I used to be impressed of individuals that are able to cite names — some obscure, others well-known — when discussing philosophy. Green with envy, I once tried to widen the scope of my reading in hope to achieve the same ability to refer to great philosophers like Kant, Smith and Ibn Khaldun whenever necessary, hoping to gain the same ability while impressing others. No more do I think as such.

While names are important for the purpose of discussing historical development of various thoughts, names themselves are irrelevant to ideas. One does not, should not, feel compelled to embrace liberty because Adam Smith espoused so. One should not have the impulse to do good because higher beings insist so. One should embrace liberty, or any idea, based on the merit of the idea itself. I am attracted to libertarianism not because of Hayek, or Smith, or Friedman or any other name associated with libertarianism. I accept that the Earth is spherical not because the Greek sages or the Muslim astronomers said so. I accept it because of the proofs that have been presented to me. I accept comparative advantage not because Ricardo said so but for its truth in governing trade.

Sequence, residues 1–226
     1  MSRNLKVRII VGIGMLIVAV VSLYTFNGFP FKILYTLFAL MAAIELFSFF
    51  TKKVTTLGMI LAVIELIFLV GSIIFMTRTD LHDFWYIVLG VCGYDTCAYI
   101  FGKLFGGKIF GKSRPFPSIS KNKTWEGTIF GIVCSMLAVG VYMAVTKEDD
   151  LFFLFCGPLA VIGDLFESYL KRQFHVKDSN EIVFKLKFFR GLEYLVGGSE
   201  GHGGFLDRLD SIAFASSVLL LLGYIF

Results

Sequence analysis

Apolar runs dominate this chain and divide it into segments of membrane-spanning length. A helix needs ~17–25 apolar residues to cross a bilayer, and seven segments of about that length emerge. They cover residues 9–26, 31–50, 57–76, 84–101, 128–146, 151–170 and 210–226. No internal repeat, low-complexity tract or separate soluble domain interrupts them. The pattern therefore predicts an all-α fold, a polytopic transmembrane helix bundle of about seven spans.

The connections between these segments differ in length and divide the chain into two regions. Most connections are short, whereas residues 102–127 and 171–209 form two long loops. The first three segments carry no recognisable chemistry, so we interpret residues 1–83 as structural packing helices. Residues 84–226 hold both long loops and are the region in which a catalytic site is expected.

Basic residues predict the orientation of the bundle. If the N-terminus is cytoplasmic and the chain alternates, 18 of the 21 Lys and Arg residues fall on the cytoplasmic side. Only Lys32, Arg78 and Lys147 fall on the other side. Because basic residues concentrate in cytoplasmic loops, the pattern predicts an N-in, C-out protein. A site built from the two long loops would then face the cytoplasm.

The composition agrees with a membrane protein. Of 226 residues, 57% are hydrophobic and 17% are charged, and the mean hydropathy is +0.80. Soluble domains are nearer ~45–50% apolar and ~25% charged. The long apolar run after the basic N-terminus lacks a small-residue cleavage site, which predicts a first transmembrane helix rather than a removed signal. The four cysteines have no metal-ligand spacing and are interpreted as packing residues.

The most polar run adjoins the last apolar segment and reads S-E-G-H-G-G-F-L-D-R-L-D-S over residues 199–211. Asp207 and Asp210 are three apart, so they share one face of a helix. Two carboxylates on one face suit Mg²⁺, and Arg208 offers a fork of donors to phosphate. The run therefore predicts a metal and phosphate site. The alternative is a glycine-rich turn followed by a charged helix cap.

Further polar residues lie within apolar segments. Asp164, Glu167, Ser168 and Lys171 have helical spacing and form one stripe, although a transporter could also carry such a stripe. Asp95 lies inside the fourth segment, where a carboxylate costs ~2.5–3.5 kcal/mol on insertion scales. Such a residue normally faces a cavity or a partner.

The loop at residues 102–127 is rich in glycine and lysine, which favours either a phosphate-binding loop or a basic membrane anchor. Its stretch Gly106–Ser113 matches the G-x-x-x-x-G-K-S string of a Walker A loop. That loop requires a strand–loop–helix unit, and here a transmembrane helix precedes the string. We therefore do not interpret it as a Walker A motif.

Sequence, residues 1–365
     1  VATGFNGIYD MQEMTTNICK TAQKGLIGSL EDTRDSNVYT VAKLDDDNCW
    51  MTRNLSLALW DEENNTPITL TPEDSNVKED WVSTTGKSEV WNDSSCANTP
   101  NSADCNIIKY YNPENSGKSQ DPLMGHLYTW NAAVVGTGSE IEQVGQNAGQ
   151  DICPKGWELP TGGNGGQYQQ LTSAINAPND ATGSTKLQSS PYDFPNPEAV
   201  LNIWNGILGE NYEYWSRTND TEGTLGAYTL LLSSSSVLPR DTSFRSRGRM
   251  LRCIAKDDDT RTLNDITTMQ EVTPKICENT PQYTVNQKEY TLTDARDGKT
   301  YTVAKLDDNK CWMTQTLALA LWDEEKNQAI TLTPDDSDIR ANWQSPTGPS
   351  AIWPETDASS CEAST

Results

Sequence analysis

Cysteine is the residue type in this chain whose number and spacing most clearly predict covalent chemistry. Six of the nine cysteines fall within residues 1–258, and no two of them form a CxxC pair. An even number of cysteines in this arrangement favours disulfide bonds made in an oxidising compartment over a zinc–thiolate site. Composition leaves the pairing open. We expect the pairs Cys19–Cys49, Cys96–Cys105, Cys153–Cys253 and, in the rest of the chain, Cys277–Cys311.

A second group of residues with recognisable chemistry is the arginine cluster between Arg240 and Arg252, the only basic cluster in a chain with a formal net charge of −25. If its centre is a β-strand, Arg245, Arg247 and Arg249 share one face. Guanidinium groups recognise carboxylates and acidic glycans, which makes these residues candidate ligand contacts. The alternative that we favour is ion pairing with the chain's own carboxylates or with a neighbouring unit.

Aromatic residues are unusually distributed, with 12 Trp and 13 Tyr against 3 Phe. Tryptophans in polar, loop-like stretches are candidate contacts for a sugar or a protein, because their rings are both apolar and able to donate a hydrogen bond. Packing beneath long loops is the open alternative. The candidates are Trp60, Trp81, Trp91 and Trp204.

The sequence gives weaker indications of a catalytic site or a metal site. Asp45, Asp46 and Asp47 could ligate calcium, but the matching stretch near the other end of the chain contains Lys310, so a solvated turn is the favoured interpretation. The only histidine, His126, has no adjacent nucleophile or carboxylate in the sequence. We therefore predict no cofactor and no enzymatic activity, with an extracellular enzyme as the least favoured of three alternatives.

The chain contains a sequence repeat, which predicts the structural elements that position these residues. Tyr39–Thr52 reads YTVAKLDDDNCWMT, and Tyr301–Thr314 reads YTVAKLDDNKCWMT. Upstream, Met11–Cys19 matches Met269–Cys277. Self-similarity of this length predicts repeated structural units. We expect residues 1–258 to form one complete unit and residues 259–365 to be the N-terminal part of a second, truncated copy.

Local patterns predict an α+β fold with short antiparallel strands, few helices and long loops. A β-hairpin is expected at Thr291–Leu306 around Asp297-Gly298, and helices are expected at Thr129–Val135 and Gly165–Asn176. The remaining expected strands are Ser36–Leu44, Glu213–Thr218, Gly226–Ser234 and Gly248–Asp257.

Frequent reference to great thinkers during philosophical discussions outside of the realm of history of thoughts, of how thoughts developed over time, is nothing but an appeal to authority. It is a fallacy unworthy of those that seek to push the boundaries of ignorance farther away in the retreating darkness. It does not appeal to the mind, the original purpose of philosophy. Thus, I shall awe not at any utterance of another philosophers of old. It may show the person is well-read but it says nothing of his faculty. Of greater value is how one evaluates ideas and proofs on its own merit.

Those that incessantly cite names of great thinkers, respectfully, are missing the point of philosophy, unless rhetorics is the art they wish to pursue instead.

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